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Arriving in Australia was often a traumatic experience for migrants. Most of the early European migrants could speak little or no English and they came to a country they knew little about. The landscape was strange, their feelings of isolation were intense and almost without exception they hated the food. Often Australia was not their first choice of destination but they decided to take a chance on emigrating there because it meant a quicker escape from years of turmoil in Europe.

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Migrants who came to live in Orange usually did not go directly there. Unless they were met by relations or friends in Australia or already had a job lined up, those who disembarked in Melbourne were first sent by train to Bonegilla Migrant Reception and Training Centre near Wodonga in Victoria; those who arrived in Sydney were usually sent to the Kelso Reception Centre near Bathurst. The migrant camps, as they were called, offered accommodation and food, some English lessons and basic training for some types of employment. From there, men were usually quickly allocated work and sent wherever the job was. They were required to work within the industry allocated to them for two years. Women and children were moved to more permanent migrant holding centres in Cowra and Parkes if their breadwinners were working in and around Orange. The reason for separating women and children from their men was simply because there was a critical shortage of accommodation in Orange and there was nowhere for them to stay.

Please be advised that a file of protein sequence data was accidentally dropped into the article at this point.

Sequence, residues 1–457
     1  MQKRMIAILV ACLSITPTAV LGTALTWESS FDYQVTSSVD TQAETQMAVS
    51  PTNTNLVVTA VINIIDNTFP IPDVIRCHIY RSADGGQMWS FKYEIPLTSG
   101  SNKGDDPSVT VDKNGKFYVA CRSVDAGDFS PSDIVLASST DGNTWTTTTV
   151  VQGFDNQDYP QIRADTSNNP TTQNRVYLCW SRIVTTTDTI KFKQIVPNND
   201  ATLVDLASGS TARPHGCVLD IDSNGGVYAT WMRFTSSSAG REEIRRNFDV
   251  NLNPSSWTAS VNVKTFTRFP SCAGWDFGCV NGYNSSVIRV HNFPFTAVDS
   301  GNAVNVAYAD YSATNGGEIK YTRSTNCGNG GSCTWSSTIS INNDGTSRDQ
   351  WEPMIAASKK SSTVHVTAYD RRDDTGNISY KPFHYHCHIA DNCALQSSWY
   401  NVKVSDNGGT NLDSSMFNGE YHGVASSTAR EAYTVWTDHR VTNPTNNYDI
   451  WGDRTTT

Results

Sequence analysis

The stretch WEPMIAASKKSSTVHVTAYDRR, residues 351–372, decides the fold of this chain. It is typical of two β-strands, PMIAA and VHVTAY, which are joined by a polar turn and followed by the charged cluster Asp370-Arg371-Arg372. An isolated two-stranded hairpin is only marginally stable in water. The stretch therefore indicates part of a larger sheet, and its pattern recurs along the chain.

The migrant reception centres were a first taste of Australian life and many people had mixed feelings about them. They had been erected quickly, often at former army or airforce camps, in the late 1940s to accommodate the thousands of displaced people who started arriving in Australia. While they provided food and shelter, little or no consideration was given to people's need for privacy or their tastes where food was concerned. There was also a natural expectation among migrants that life in Australia was going to be better than where they came from, but for some, their first experience of the country was a profound disappointment. The Australian authorities felt they were doing their best under difficult circumstances and that migrants should be grateful for whatever they got.

There was, however, an air of optimism among the migrants as they started their new lives in Australia.